Euro falls after inflation data
Dollar edges up but set for weakest month in a year
Yen back from the brink; strongest month in 2023
(Updates at 1050 GMT)
By Samuel Indyk
LONDON, Nov 30 (Reuters) – The euro fell on Thursday after euro zone inflation eased by more than forecast this month, fuelling bets of early European Central Bank rate cuts, while the dollar rose from a three-month low but was still set for its biggest monthly drop in a year.
Consumer price growth in the 20 nations that share the euro currency dropped to 2.4% in November from 2.9% in October, well below expectations for a fall to 2.7%.
“The message from today’s European CPI data is clear,” said Matthew Landon, global market strategist at J.P. Morgan Private Bank, “disinflation is continuing at a rapid pace in Europe – and, importantly, more swiftly than the market or even the ECB’s expectations.”
“Falling inflation and a stagnant economy could justify ECB cuts as soon as the first quarter of next year in our view,” Landon said.
The euro dropped as much as 0.5% against the dollar to $1.0910. On Wednesday it hit its highest level since August at $1.1017.
Markets are now fully pricing in a rate cut from the ECB by April, while around 115 basis points of easing is priced by the end of next year.
ECB policymaker Fabio Panetta said on Thursday the central bank may be able to ease monetary conditions if persistently weak output accelerates the decline in inflation.
Meanwhile, the dollar index, which measures the U.S. currency against six rivals including the euro, rose 0.4% to 103.25, picking up after touching 102.46 on Wednesday, its lowest level since Aug. 11.
The index is still down around 3.2% in November, its biggest monthly fall since last November, on growing expectations the Fed will also cut interest rates in the first half of 2024.
“The key drivers in November for the dollar weakness have been the benign inflation data and the loosening signs of the labour market,” said Mohamad Al-Saraf, associate, FX and rates strategy at Danske Bank.
“The notion of a soft landing has increased and usually that’s a bad environment for the dollar.”
Investors will be all ears on Friday when Fed Chair Jerome Powell takes centre stage in the wake of Fed Governor Christopher Waller on Tuesday flagging a possible rate cut in the months ahead. It will also be the last time Fed policymakers will be able to share their views before they enter the quiet period before the December policy meeting.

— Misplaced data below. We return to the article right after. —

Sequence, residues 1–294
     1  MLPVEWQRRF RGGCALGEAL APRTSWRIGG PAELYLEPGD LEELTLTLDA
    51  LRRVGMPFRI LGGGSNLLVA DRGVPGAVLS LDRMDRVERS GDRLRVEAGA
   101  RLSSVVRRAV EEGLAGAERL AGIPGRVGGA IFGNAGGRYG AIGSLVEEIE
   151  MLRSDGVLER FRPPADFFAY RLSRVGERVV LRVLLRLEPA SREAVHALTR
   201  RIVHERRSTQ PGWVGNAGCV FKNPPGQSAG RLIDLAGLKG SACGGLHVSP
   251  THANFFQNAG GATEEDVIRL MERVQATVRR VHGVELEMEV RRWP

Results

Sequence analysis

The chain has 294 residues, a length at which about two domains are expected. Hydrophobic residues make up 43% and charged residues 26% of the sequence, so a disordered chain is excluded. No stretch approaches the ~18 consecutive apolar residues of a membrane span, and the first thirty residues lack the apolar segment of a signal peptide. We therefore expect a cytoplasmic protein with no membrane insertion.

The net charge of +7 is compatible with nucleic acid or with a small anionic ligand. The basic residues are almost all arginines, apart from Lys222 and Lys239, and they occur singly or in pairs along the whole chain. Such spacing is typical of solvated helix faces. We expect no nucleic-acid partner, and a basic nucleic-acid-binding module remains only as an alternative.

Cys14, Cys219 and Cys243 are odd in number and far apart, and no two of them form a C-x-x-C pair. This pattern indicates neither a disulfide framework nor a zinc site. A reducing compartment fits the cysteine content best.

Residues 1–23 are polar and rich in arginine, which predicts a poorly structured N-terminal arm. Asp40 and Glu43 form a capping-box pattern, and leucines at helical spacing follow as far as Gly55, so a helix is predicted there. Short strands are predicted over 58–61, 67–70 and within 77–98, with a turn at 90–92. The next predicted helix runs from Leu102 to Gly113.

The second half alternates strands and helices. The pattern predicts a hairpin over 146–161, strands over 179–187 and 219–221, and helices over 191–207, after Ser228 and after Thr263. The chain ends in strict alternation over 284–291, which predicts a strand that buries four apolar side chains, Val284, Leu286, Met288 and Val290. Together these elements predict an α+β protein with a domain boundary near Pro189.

Before that, the spotlight will firmly be on Thursday’s crucial personal consumption expenditure (PCE) price index – the Fed’s targeted measure of inflation.
Christopher Wong, currency strategist at OCBC, said the data will offer a glimpse into whether the disinflation trend seen so far remains intact.
“If core PCE undershoots expectations to the downside, then USD may extend the move lower again,” he said.
U.S. rates futures markets are now pricing in more than 100 bps of rate cuts next year starting in May, and the two-year Treasury yield is close to its lowest since July – it has slumped about 30 bps this week alone.
Meanwhile, expectations that the Bank of Japan will soon end its negative rate policy have pulled the yen up from the depths, and in the process, eased pressure on the central bank to support the currency via direct FX market intervention.
On Thursday, the yen weakened 0.17% to 147.485 per dollar, but remains close to the two-and-a-half-month high of 146.675 per dollar it touched on Wednesday. The Japanese currency has firmed almost 3% against the dollar in November and is on course for its strongest month this year.
Bank of Japan board member Toyoaki Nakamura said on Thursday the central bank will likely need some more time before phasing out its massive stimulus.
Sterling was last at $1.2646, down 0.39% on the day, while the Australian dollar fell 0.1% to $0.6610. It’s still up 4.3% in November – its steepest one-month gain in a year.
(Reporting by Samuel Indyk in London and Ankur Banerjee and Vidya Ranganathan in Singapore; Editing by Kim Coghill, Miral Fahmy and Susan Fenton)